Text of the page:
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July 19, 2018

Public Sector Banks Celebrating 50 Years of Nationalization Today

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Nationalized Banks are celebrating Golden Jubilee (50 Years) today. It was on this day (19th July 1969) the Indira Gandhi-led Congress government nationalized 14 commercial banks, which are having deposits of over 50 crores. There are two reasons for the nationalization.

1st Reason : The unpredictable manner in which these banks functioned as private entities. There were 361 private banks which failed between 1947 and 1955, translating to an average of over 40 banks per year resulting in depositors losing all their money.

2nd Reason : These were seen as catering to large industries and business houses, ignoring the agriculture sector. 

The 14 banks which were Nationalized on 19th July 1969 are

  1. The Allahabad Bank
  2. The Bank of Baroda
  3. The Bank of India
  4. The Bank of Maharashtra
  5. The Canara Bank
  6. The Central Bank of India
  7. The Dena Bank
  8. The Indian Bank
  9. The Indian Overseas Bank
  10. The Punjab National Bank
  11. The Syndicate Bank
  12. The Union Bank of India
  13. The United Bank of India
  14. The United Commercial Bank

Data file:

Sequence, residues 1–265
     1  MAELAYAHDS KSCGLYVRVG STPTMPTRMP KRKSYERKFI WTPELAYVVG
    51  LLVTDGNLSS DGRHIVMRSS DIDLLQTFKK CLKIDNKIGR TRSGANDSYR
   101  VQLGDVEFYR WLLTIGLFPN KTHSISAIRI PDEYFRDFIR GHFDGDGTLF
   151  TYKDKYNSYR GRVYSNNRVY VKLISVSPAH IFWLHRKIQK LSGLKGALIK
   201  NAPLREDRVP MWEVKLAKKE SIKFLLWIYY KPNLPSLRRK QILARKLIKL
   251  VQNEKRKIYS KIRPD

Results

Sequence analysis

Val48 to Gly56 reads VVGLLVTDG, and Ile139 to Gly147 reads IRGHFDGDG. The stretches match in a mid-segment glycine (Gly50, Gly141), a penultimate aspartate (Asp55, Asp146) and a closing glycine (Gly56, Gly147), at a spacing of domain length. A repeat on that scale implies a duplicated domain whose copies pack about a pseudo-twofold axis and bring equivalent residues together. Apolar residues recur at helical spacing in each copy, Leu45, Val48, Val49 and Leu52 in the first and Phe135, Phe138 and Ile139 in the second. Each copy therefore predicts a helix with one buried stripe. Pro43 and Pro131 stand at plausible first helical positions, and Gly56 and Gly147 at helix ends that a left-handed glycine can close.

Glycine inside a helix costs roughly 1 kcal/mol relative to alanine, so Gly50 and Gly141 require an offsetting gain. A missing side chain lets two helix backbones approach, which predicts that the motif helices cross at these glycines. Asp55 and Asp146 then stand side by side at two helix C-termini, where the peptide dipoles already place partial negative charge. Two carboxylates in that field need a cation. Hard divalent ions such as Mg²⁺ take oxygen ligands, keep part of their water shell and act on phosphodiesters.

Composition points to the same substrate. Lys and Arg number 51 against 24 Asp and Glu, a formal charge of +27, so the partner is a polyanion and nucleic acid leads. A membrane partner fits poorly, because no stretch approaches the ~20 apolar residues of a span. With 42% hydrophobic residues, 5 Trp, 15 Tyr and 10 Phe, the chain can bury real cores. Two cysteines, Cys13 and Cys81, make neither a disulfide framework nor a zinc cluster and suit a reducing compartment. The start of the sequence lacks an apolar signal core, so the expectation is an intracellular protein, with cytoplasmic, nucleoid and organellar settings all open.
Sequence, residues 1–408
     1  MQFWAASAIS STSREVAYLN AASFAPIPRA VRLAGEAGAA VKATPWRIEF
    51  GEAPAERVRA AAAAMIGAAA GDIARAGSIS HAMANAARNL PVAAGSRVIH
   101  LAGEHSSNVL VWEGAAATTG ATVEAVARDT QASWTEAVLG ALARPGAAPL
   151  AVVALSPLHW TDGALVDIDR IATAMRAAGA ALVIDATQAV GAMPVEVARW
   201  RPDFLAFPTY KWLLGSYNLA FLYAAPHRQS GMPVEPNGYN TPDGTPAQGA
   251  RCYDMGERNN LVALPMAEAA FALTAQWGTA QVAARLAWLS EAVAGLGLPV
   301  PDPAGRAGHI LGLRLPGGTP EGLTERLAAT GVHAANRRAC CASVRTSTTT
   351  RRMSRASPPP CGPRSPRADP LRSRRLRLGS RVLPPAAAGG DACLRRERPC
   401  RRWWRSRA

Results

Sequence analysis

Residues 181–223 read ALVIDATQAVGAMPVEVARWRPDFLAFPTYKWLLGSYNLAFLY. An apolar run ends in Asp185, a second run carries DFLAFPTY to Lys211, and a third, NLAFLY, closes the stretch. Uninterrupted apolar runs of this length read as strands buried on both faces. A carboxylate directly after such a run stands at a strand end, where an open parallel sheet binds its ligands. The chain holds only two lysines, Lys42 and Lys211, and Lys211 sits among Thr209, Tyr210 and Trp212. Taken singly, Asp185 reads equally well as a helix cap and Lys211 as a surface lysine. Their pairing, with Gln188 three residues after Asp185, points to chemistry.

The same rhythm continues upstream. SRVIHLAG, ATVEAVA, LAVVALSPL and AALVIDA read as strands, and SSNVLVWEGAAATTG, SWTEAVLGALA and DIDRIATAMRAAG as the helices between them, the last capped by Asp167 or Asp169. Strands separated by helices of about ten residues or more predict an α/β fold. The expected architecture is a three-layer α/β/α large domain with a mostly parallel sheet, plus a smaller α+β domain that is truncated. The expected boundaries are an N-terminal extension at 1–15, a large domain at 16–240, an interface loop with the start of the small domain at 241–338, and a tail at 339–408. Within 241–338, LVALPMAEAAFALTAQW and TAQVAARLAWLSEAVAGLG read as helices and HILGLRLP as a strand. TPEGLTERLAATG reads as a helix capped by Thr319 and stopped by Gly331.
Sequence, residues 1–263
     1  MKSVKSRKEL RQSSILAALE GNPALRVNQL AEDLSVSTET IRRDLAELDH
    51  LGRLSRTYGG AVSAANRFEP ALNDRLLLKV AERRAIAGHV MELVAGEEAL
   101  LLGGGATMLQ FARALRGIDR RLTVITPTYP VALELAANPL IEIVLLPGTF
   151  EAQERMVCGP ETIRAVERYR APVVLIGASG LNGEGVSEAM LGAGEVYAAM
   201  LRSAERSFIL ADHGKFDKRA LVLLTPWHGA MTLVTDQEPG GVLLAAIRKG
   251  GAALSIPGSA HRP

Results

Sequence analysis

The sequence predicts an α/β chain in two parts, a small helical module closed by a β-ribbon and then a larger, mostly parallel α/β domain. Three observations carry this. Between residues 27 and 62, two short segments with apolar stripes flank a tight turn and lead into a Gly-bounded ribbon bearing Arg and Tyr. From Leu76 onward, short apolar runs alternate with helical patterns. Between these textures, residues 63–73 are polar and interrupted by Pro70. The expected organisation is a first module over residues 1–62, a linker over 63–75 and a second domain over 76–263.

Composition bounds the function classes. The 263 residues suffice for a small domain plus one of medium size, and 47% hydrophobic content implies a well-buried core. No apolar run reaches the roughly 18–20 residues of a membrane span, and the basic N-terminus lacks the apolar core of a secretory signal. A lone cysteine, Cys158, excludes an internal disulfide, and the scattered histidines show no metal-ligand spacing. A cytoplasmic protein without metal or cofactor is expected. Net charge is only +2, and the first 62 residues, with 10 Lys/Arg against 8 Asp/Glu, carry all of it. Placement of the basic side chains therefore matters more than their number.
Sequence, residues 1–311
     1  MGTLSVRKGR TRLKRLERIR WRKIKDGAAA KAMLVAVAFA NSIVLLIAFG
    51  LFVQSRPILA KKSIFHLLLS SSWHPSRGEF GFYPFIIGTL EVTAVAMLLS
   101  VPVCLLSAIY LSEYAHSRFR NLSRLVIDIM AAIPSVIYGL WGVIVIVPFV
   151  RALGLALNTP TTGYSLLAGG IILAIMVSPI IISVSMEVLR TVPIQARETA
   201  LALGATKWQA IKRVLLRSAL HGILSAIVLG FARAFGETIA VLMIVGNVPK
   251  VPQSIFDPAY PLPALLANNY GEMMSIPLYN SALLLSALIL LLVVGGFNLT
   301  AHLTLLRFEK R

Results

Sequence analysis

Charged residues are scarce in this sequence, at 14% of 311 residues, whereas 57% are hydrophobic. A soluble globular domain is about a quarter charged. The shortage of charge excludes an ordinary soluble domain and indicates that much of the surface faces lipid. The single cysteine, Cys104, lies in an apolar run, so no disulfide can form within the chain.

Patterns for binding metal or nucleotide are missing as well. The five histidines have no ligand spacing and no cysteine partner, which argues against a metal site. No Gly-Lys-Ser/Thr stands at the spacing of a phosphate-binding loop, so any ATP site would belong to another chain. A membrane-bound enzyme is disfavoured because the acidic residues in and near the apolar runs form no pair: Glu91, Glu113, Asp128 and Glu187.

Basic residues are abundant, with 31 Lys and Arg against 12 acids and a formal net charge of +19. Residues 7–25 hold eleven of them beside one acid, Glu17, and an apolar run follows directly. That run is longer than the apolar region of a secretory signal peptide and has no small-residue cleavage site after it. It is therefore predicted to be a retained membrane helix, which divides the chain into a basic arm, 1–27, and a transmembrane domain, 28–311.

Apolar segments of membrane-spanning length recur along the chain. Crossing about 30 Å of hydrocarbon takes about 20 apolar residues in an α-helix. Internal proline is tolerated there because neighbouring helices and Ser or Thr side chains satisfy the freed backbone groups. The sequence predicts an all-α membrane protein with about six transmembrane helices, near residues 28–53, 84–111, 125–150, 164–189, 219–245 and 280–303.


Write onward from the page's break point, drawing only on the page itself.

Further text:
The main aim of this nationalization is to serve the rural economy by expanding the branch network in rural areas.As a result of nationalization, 85 percent of the banking business in terms of deposits was brought under public control. 

On 15th April 1980, six more private sector commercial banks (with deposits of over Rs. 200 crores) were nationalized. They are :
  1. The Andhra Bank
  2. The Corporation Bank
  3. The New Bank of India (merged with Punjab National Bank in 1993)
  4. The Oriental Bank of Commerce
  5. The Punjab and SIndh Bank
  6. The Vijaya Bank
Thus, 20 private sector commercial banks were nationalized and over 90 percent of banking activity in the country was brought under the public sector and it brought down the inequalities of income and wealth and to ensure greater social justice.

The nationalization of July 1969 and April 1980 was a unique phenomenon, different from that of  nationalization of the RBI in 1949 or the nationalization of Imperial bank of India in 1955, as these were very modest having little socio-economic change in the country.

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